Using #[derive(Error)]

1 Using #[derive(Error)]

Deriving Error will generate an Error implementation, that contains (depending on the type) a source() and a backtrace() method. Please note, at the time of writing backtrace is only supported on nightly rust. So you have to use that to make use of it.

For a struct, these methods always do the same. For an enum they have separate behaviour for each of the variants. The variant is first matched and then the implementation will do the same as it would have done if the variant was a struct.

Usually when you derive Error you will also want to derive Display and often From as well.

1.1 When and how does it derive backtrace()?

  1. It's a struct/variant with named fields and one is the fields is called backtrace. Then it would return that field as the backtrace.
  2. It's a tuple struct/variant and the type of exactly one of the fields is called Backtrace. Then it would return that field as the backtrace.
  3. One of the fields is annotated with #[error(backtrace)]. Then it would return that field as the backtrace.

1.2 When and how does it derive source()?

  1. It's a struct/variant with named fields and one is the fields is called source. Then it would return that field as the source.
  2. It's a tuple struct/variant and there's exactly one field that is not used as the backtrace. So either a tuple struct with one field, or one with two where one is the backtrace. Then it returns this field as the source.
  3. One of the fields is annotated with #[error(backtrace)]. Then it would return that field as the backtrace.

1.3 Ignoring fields for derives

It's possible to ignore a field or a whole enum variant completely for this this derive using the #[error(ignore)] attribute. This will ignore it both for detecting backtrace and source. It's also possible to mark a field only ignored for one of these methods by using #[error(not(backtrace))] or #[error(not(source))].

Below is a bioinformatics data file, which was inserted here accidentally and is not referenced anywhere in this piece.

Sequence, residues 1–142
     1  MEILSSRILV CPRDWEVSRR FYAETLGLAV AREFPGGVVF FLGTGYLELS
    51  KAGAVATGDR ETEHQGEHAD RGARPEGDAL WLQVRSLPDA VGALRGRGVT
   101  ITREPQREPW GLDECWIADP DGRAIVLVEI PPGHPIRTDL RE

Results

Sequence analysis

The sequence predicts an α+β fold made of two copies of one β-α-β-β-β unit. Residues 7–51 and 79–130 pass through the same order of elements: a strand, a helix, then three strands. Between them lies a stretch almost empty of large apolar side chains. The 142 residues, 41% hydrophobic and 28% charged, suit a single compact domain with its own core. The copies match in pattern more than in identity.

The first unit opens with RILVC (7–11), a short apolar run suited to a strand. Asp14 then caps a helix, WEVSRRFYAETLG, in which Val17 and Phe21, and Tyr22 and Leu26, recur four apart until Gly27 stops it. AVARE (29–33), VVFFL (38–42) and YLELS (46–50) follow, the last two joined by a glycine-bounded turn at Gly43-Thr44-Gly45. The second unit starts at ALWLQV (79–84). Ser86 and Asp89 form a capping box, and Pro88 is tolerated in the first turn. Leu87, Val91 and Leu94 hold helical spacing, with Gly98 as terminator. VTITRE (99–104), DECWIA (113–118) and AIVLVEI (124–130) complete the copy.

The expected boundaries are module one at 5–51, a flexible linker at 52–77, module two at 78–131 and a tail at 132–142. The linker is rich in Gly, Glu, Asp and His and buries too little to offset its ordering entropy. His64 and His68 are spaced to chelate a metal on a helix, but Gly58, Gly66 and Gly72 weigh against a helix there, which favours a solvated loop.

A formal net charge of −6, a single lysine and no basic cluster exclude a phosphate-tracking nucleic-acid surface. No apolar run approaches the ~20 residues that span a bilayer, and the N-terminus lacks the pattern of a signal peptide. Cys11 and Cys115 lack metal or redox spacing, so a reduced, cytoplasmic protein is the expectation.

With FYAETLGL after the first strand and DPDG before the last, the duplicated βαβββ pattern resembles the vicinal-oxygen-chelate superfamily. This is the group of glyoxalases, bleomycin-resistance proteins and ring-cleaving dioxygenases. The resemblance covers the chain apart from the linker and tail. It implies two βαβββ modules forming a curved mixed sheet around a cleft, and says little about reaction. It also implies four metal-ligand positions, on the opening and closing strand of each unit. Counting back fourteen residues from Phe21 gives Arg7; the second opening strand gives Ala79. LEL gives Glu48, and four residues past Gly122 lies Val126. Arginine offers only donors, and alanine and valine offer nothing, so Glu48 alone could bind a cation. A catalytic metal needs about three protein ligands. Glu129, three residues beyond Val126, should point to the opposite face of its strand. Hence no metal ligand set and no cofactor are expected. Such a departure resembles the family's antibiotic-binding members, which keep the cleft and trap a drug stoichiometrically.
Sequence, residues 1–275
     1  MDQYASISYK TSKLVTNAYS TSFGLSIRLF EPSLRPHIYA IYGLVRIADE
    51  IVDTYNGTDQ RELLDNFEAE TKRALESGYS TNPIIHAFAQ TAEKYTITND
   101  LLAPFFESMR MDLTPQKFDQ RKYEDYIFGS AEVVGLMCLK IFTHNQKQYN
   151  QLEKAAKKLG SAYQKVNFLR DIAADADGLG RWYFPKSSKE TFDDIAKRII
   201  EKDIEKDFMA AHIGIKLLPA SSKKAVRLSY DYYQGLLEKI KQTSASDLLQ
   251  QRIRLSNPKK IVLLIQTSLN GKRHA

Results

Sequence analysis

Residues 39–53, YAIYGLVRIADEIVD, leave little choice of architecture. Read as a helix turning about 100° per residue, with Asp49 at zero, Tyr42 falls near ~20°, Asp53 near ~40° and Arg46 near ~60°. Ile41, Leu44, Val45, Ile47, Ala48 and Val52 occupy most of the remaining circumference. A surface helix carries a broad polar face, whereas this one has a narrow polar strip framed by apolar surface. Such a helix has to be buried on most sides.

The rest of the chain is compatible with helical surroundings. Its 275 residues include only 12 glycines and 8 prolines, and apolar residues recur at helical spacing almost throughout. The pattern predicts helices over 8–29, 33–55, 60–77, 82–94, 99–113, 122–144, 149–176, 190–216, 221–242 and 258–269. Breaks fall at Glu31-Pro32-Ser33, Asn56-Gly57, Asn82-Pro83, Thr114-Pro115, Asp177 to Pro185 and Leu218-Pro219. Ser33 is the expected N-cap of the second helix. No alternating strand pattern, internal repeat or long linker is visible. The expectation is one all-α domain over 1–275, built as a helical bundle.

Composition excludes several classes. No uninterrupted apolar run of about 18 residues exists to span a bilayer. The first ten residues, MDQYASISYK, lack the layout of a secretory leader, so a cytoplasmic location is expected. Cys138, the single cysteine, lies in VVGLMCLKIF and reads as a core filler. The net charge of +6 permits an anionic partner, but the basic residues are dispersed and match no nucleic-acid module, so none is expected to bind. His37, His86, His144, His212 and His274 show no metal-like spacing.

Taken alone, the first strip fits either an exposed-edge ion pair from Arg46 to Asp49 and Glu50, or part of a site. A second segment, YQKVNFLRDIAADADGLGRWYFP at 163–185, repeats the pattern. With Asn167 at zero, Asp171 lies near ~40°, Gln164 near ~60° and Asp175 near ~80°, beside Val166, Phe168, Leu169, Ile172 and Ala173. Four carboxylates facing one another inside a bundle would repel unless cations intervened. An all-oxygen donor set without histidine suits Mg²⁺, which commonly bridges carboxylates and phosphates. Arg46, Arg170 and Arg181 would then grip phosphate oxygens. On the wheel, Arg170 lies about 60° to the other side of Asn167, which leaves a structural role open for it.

2 Example usage

#![feature(backtrace)]
use std::backtrace::Backtrace;

// std::error::Error requires std::fmt::Debug and std::fmt::Display,
// so we can also use derive_more::Display for fully declarative
// error-type definitions.

#[derive(Default, Debug, Display, Error)]
struct Simple;

#[derive(Default, Debug, Display, Error)]
struct WithSource {
    source: Simple,
}
#[derive(Default, Debug, Display, Error)]
struct WithExplicitSource {
    #[error(source)]
    explicit_source: Simple,
}

#[derive(Default, Debug, Display, Error)]
struct Tuple(Simple);

#[derive(Default, Debug, Display, Error)]
struct WithoutSource(#[error(not(source))] i32);

#[derive(Debug, Display, Error)]
#[display(fmt="An error with a backtrace")]
struct WithSourceAndBacktrace {
    source: Simple,
    backtrace: Backtrace,
}


// derive_more::From fits nicely into this pattern as well
#[derive(Debug, Display, Error, From)]
enum CompoundError {
    Simple,
    WithSource {
        source: Simple,
    },
    WithExplicitSource {
        #[error(source)]
        explicit_source: WithSource,
    },
    Tuple(WithExplicitSource),
    WithoutSource(#[error(not(source))] Tuple),
}

fn main() {
    assert!(Simple.source().is_none());
    assert!(Simple.backtrace().is_none());
    assert!(WithSource::default().source().is_some());
    assert!(WithExplicitSource::default().source().is_some());
    assert!(Tuple::default().source().is_some());
    assert!(WithoutSource::default().source().is_none());
    let without_source_and_backtrace = WithSourceAndBacktrace{
        source: Simple,
        backtrace: Backtrace::capture(),
    };
    assert!(without_source_and_backtrace.source().is_some());
    assert!(without_source_and_backtrace.backtrace().is_some());

    assert!(CompoundError::Simple.source().is_none());
    assert!(CompoundError::from(Simple).source().is_some());
    assert!(CompoundError::from(WithSource::default()).source().is_some());
    assert!(CompoundError::from(WithExplicitSource::default()).source().is_some());
    assert!(CompoundError::from(Tuple::default()).source().is_none());
}